Tema Port, MPS deal to be renegotiated
President Nana Akufo-Addo has given an assurance that his administration will renegotiate portions of the concession agreement for the Tema Port terminal with Meridian Port Services (MPS).
After a closed door meeting with the leadership of the Maritime and Dockworkers Union (MDU) and workers union of the Ghana Ports and Harbours Authority (GPHA) at the Jubilee House in Accra yesterday, the Daily Graphic gathered that a government committee, to be made of officials of GPHA, MDU, would be put in place to discuss how the agreement could be structured to ensure a win-win condition for both the developers and the country, represented by the GPHA.
Sources close to the meeting said the President gave an assurance that he was awaiting a legal opinion and a road map for renegotiating relevant portions of the agreement.
The meeting was necessitated by recent agitations by members of the MDU and was attended by the Chief of Staff, Mrs Akosua Frema Opare Osei, Ministers of Transport, Mr Kwaku Ofori Asiamah, and Employment and Labour Relations, Mr Ignatius Baffour Awuah.
Others were the Chairman of the Board of Directors of GPHA, Mr Peter Mac Manu, the Director General of the GPHA, Mr Micheal Luguje, and his two Directors of Port, Ms Sandra Opoku and Capt. Ebenezer Afadzi.
Government in 2015 negotiated the 35 years contract with the MPS for the development and operationalisation of a multipurpose container terminal at the Tema Port to create a deeper vessel capacity with an accompanying container storage facility as parts of efforts to position Ghana’s ports as a hub within the West African sub-region.
The facility, which will become operational on July 1, 2019, according to a March 2018 Inter-ministerial Committee report, will, however, see the GPHA and other operators in the port losing out on container business.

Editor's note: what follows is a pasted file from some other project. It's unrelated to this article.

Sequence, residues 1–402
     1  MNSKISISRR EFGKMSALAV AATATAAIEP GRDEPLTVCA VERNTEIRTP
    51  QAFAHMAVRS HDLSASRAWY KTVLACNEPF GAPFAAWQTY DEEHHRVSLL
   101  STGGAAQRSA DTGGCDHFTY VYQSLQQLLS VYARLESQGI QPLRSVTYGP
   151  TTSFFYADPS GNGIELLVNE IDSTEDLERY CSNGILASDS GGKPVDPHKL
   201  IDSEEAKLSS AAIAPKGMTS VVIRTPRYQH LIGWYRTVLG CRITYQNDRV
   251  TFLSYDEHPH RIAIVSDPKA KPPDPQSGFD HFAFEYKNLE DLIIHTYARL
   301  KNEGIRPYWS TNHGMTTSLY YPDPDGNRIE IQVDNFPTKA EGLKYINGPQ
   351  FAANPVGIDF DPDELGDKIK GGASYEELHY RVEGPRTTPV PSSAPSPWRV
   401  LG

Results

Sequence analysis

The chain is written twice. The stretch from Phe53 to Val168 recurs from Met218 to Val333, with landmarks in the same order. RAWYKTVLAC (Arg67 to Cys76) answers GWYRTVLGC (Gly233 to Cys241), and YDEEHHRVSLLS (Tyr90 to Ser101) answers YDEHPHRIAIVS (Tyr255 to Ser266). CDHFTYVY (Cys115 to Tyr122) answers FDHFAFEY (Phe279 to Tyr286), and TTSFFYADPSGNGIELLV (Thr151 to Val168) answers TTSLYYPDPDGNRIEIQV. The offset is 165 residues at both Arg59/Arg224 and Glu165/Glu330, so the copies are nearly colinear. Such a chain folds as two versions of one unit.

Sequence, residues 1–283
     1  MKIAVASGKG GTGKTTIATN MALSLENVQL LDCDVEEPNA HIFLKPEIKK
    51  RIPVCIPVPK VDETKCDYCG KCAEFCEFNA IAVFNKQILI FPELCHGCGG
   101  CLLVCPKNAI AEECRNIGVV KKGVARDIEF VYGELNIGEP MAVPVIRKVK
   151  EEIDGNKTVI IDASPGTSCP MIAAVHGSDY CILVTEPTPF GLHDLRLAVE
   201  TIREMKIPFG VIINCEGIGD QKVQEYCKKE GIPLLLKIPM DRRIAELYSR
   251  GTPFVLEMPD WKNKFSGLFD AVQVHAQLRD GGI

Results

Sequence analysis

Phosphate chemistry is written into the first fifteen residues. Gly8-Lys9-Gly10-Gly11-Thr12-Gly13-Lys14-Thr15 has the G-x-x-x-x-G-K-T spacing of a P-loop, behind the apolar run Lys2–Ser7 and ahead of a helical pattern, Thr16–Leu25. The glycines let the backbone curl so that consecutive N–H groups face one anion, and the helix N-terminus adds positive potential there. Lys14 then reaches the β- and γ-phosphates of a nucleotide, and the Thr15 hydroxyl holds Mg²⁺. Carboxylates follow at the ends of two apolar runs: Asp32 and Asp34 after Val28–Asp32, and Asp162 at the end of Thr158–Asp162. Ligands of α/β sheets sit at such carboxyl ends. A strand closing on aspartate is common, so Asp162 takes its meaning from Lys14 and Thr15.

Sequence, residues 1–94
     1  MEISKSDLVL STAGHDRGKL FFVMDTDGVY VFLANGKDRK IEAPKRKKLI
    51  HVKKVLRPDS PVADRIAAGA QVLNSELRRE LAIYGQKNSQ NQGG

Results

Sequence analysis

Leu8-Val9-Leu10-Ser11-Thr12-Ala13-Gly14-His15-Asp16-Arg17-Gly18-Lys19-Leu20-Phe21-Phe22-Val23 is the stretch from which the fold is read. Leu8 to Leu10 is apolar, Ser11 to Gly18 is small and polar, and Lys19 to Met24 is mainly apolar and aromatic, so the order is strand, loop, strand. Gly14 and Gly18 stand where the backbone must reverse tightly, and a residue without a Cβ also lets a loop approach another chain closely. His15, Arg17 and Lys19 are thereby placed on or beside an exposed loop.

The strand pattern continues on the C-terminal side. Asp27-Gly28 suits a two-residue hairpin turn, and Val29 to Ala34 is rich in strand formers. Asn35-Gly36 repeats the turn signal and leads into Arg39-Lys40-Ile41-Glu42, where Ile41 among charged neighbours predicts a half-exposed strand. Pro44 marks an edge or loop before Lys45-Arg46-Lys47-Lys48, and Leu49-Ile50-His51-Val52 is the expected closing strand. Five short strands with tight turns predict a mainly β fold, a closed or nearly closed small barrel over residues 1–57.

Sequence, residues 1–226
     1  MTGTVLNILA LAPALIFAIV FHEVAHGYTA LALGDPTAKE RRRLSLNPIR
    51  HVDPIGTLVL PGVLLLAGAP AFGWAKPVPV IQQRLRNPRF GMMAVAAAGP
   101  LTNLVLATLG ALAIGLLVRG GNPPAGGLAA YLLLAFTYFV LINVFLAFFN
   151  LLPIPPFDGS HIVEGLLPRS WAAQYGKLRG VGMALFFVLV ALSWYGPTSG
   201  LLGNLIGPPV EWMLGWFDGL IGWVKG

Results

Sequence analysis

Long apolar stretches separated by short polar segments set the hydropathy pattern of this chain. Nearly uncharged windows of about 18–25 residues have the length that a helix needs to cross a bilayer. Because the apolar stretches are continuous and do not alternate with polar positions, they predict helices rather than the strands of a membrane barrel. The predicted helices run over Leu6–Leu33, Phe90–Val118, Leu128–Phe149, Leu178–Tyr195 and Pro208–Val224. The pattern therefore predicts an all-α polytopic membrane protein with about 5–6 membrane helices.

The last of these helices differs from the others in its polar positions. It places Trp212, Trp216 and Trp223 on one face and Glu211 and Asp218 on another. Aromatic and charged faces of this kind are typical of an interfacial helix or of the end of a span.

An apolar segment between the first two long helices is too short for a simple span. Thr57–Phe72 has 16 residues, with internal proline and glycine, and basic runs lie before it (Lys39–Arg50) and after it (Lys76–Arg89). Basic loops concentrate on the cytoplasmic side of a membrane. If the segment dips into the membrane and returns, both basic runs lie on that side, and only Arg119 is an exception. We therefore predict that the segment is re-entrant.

According to the report, owing to the $1.1 billion investment being made into the project by MPS through the International Finance Corporation, there were clauses that were introduced into the agreement which sought to bar the GPHA from handling vessels carrying containers of 200 twenty-foot equivalent (TEU) and above.
That situation, the Ministerial Committee report projects, will erode the GPHA’s income and investments it has made over the years.
Similarly, the MDU had argued that some $832 million tax exemptions granted the project should form a basis for renegotiation, since they believed the exemptions meant that the Ghanaian taxpayer had partially financed the project.
The GPHA itself, in an impact analysis conducted, had projected that it would be left with excess space and equipment as well as axle labour of about 1,400, if the agreement was not renegotiated.
Similarly, the Inland Container Depots (ICDs) at the port, which were in January this year served notice by the GPHA to either fold up or develop new business strategies since they would no longer receive container imports from the Authority, have, as well, declared their intention to lay off workers should nothing positive come out of deliberations by stakeholders.
That is a situation the MPS management vehemently disagreed with when they took some selected journalists to tour the new facility a week ago.
The Chief Executive Officer of MPS, Mr Mohammed Samara, has, also, argued that the facility should rather present a “golden opportunity” for the GPHA to engage more hands and also develop new business strategies.